Not a Lab!

Most of us will sail through life never having laid eyes on the breed seen here, but even if we did, we might think we saw a black Labrador Retriever, or a Lab mix.  Au Contraire! This is a Majorca Shepherd Dog – recognized by the United Kennel Club and the FCI as the Ca de Bestiar – and it isn’t a sporting breed, but a naturally gifted herder.  A smaller version of the Cao de Castro Laboreiro of Portugal, this breed is a symbol of Mallorca, one of Spain’s Balearic Islands in the Mediterranean, and a source of pride.  This is understandable. The breed is the canine version of the people of Mallorca. Like them, it is friendly but cautious of strangers, and while not prone to fisticuffs, neither human or dog will fail to protect its family.

The breed was developed to work under the extreme conditions of intense heat of the Balearic Islands, and while having a black coat would seem to be a disadvantage to the dogs,  heat doesn’t seem to factor into their ability to do their job well. As an aside (there’s always an aside in a breed’s history), the breed’s black color served as “cover,” and one reason why bandits were said to have used the dogs to attack travelers at night in the 16th and 17th century, and as guards against thieves and marauders.

As rare as the breed is outside of its country of origin, the Ca de Bestiar is quite popular in Spain, and even common in farms and villages. As is so often the case in a breed’s history, however, this one nearly came to the brink of extinction. An initiative taken by Alonso Guasp in 1970 spearheaded a movement to save the pureblooded Ca de Bestiar, and in 1980, he Fédération Cynologique Internationale officially recognized the breed.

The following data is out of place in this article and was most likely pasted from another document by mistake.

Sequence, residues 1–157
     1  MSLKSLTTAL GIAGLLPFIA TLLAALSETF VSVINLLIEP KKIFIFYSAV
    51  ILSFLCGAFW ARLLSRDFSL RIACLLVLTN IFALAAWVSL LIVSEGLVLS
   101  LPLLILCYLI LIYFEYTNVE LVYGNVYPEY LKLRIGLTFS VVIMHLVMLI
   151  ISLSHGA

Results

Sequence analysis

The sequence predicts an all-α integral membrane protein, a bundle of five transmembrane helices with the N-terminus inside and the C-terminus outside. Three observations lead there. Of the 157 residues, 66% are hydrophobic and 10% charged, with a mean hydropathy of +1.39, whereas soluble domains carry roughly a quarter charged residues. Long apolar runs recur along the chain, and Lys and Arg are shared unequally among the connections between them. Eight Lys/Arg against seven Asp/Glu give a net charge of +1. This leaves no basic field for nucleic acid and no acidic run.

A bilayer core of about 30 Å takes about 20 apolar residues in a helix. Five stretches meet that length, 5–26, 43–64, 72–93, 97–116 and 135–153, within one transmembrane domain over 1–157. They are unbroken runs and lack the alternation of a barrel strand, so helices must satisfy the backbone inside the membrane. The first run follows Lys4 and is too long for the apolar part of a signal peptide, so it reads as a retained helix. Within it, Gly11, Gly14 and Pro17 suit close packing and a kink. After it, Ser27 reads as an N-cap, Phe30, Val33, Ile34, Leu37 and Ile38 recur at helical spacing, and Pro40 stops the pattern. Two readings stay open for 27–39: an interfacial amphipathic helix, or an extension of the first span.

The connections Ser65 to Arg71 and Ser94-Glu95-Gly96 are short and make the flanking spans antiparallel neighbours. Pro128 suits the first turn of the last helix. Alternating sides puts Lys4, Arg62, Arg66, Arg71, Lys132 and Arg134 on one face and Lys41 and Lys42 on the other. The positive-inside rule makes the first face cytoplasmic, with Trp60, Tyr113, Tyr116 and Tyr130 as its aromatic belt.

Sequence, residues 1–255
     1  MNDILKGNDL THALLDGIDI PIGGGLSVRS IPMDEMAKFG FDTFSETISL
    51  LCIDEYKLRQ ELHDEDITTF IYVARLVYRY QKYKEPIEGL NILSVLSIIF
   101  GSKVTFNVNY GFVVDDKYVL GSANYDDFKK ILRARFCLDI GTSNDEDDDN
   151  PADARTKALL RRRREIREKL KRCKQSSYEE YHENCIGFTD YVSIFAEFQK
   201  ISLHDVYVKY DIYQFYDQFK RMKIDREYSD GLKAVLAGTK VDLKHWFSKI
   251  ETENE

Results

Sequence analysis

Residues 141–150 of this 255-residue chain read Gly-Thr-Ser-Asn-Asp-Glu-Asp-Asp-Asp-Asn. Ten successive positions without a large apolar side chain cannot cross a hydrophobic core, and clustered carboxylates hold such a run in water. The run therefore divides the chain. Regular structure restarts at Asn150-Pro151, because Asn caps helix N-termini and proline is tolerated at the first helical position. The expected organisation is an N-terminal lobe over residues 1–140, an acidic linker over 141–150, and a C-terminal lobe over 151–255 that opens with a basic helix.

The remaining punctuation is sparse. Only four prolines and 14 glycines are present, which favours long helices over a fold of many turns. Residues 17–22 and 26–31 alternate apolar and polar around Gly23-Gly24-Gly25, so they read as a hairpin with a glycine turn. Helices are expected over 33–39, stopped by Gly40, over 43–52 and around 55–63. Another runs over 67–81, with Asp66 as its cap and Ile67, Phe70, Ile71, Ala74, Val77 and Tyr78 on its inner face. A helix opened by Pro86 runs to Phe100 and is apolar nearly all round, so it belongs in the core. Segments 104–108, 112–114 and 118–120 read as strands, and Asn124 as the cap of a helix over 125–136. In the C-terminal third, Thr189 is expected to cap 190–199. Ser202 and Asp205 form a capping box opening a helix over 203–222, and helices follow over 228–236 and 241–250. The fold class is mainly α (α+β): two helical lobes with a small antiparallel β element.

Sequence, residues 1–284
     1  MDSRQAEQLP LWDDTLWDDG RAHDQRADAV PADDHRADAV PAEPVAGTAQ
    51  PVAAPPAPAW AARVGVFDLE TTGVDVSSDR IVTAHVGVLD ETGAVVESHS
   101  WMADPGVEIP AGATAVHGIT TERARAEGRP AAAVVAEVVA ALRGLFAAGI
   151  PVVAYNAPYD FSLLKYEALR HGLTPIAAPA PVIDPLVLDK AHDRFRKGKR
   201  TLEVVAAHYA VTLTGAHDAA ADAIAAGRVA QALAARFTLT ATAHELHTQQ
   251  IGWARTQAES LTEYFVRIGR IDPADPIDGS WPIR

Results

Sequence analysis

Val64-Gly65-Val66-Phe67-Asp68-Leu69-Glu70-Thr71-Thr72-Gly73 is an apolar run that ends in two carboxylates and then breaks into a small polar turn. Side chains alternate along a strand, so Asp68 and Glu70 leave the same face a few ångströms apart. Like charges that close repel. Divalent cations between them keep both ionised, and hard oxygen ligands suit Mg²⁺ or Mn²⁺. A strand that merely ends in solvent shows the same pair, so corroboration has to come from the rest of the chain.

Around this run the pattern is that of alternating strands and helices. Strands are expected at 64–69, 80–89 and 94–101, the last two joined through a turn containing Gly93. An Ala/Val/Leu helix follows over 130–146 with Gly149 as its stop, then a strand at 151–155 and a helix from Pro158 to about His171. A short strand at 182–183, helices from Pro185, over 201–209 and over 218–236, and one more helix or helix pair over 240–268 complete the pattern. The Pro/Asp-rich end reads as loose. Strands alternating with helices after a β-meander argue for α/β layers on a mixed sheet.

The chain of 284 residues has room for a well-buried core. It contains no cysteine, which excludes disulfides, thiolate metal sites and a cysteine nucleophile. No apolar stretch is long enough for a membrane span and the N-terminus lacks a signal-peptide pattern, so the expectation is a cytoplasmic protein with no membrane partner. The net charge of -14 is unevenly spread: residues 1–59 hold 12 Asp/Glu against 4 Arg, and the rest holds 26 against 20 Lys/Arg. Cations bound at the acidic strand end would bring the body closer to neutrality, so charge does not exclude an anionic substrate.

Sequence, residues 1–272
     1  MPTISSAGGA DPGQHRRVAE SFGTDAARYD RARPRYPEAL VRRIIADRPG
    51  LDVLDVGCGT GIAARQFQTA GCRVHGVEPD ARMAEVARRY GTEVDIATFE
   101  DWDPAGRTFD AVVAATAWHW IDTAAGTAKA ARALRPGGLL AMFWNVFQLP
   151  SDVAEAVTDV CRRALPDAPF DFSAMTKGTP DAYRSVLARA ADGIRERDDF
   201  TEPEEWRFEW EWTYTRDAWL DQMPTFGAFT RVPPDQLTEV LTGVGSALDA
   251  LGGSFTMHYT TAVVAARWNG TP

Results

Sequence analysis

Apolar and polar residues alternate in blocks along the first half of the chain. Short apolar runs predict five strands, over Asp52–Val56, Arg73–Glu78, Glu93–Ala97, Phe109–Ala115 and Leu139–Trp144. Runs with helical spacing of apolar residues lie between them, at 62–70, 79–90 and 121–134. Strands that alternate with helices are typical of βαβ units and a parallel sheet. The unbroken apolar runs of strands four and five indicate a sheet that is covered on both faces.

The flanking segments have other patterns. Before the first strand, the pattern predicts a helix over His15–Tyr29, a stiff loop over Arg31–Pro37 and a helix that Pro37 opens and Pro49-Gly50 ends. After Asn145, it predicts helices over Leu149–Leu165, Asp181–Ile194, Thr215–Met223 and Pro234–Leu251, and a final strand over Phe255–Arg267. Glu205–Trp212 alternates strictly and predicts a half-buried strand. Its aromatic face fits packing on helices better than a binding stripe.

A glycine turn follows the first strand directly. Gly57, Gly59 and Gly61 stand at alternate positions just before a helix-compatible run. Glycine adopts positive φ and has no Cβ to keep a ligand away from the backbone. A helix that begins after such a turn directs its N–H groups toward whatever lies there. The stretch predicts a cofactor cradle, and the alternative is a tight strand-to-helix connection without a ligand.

Josep Biblioni, Secretary of the Club del Ca de bestiar, once explained the process of recovery this way: “This breed, emblematic of and the standard for other indigenous breeds, began to be recovered by a small group of people twenty years ago. After much searching – hours, days, weeks, months, and years – a prototype of the breed was produced and then a handful of years later the prize: recognition by the F.C.I.

“To produce the standard, a group of enthusiasts and lovers of this dog began to favor pups selected as the best examples of the characteristics they had been looking for. It can be said that today they have already achieved the uniformity and homogeneity that make us feel satisfied, but there is still more work left to do.”

“Year after year throughout the entire island, the Club de Bestiar organizes Majorcan shepherd dog shows with the conviction that this is the best way to stimulate and promote the breed. These shows have been made possible by the collaboration of dog breeders and exhibitors, and the sponsorship of municipal governments of towns where agricultural and livestock fairs take place with the wide support of the general public.”

Currently, it’s thought that there are about 4,000 of these dogs around the world, but only one thousand of them could be considered ‘excellent.’

It’s a start.

Image found on Pinterest and happily credited upon receipt of information

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